2. Given the nature of the so far mentioned information, it is possible to reconstruct the ancient buildings in plan, and by studying the related archaeological finds, it is also (in theory) possible to date them and to define their original function.

It is a different matter to find out, whether or not these buildings are known through ancient literary sources and/or inscriptions, or from representations on reliefs, coins, etc. And it is, of course, this what we want to know. Progress in this avenue of research is only obtainable by studying our relatively small test area, the eastern part of the Mons Oppius, under a wider perspective. One of these wider perspectives could be the mapping of administrative boundaries of ancient Rome, for example the Augustan city wards (regiones/Regions), datable to 7/6 BCE. Since for some ancient buildings their location in one of those XIV regiones is known, we decided to study our test area in relation to its location within the Augustan Regions. This research resulted in a map with C. Häuber's new reconstruction of the Regions in question (Fig. 8), which we publish here for the first time (see infra, for the applied methodology).

As already mentioned, the analysis of archaeological finds, recovered from an excavation, can help to understand the chronology and/or the nature of the related ancient structures. For many finds recovered in Rome in past centuries, the original ancient context is unknown. On the other hand, there are numerous reports on finds, which were written in exactly this period. R. Lanciani in his pioneering works has collected and systematically exploited these data. As a result, he marked for many of these finds not only their findspots in the modern cadastre, but he was even able in many cases to establish their ancient contexts (cf. Lanciani, 1893-1901, 1902-1913; Istituto Nazionale di Archeologia e Storia dell'Arte, 1989 2000). His results were based inter alia on his profound knowledge of the administrative boundaries of modern Rome throughout its long history. Much of this information is integrated into his famous map Forma Urbis Romae (FUR, fols. 1-46 = Lanciani, 1893-1901). What we actually needed for our research is something else: a separate map with only „one layer“ of this administrative information, the precise location of the former vineyards in and around our test area on Mons Oppius. For the sake of clarity, our map of the vineyards (Vigne) (Fig. 5), which we publish here for the first time, shows only those vineyards, which are documented on Giovanni Battista Nolli's map of Rome (1748, Fig. 1).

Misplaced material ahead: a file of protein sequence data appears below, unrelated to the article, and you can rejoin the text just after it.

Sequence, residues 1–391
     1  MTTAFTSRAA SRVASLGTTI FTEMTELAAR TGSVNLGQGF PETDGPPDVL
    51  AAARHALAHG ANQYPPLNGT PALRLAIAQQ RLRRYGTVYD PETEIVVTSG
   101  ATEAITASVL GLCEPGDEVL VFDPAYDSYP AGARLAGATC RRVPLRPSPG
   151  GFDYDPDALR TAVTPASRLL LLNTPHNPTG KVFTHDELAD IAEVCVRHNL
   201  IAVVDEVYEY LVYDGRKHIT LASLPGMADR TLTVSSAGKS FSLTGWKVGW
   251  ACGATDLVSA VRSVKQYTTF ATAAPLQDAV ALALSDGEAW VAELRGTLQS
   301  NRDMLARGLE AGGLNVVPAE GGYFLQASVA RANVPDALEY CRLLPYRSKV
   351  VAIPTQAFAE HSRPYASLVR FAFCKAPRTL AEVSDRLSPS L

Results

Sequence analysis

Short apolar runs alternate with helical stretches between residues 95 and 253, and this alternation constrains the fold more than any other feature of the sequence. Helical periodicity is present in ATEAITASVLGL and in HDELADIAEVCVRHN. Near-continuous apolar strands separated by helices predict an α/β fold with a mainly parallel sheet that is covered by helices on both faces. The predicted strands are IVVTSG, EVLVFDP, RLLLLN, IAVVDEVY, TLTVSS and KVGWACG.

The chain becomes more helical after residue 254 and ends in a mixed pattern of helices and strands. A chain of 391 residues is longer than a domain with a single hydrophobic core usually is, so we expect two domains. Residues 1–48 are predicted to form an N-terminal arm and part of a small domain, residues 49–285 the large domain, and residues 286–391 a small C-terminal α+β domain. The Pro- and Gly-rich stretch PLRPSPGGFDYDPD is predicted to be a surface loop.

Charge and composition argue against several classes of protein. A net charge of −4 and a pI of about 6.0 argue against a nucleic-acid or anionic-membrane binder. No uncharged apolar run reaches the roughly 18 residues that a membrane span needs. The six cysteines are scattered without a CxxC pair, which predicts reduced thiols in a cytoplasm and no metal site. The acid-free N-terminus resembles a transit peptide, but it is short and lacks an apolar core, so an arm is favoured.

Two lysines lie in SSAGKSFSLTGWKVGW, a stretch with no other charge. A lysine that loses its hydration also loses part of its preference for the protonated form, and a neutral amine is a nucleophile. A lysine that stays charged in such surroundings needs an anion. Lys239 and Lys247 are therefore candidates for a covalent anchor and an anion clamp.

Compared with Lanciani's FUR, where the boundaries of Nolli's Vigne (and the boundaries of many other vineyards) are integrated, our digital map has some advantages. The map is georeferenced and we can show these boundaries in an overlay together with the photogrammetric data (fig. 7) (see infra, for the purpose of this map). In addition to this, we can take measurements more easily. Each topographical feature („object“) is stored separately, and can be used at will in any other context. We used an object-oriented Archaeological Information System (a testversion of the AIS Fortvna) to produce our maps, because we found that the obtainable results are more precise than those obtainable with paper based methods (cf. for some preliminary results, as well as the methods employed: Schütz, Häuber 2001; Häuber, Schütz 2001; Häuber, 2001; Häuber, Schütz, 2003). The photogrammetric data of Rome, on which the maps are based, have the further advantage of containing the groundplans of still existing ancient structures, which are usually absent from cadastres; the ancient building called "Sette Sale" (the cistern of the baths of Trajan) (Figs. 5; 7; 8, label „Sette Sale“), visible on all cadastres of Rome, is an exception to this rule. In addition to these extant ancient ruins, the maps (Figs. 5; 7; 8) contain also some ancient and modern streets and buildings, which do not exist any more, but were documented by G. B. Nolli in his map of Rome (1748). Because these topographical features are of interest to our work, we decided to integrate them into the maps. Contrary to C. Häuber's earlier study of this area (Häuber, 1990, map 1-4), we did not integrate any topographical features from R. Lanciani's FUR, since we found in one of our preliminary studies (Schütz, Häuber, 2001, p. 291), that at least in our test area Lanciani's locations of ancient buildings are not reliable. We tested the reliability of his locations of a number of ancient buildings against Nolli's locations of the same structures, which proved to be very reliable. These results were by no means surprising, since many others have made similar experiences before us. We thank especially Dr Luca Sasso D'Elia of the Sovraintendenza BB.CC. of the Comune di Roma and Prof Clementina Panella (cf. Panella, 1996) of the Università di Roma „La Sapienza“ for discussing this point with us, and for showing us the results of their own work related to these problems. Prof. Panella kindly drew our attention to publications by E. Brienza, who has studied the reliability of Nolli's map in detail (cf. Brienza, 1998a,b).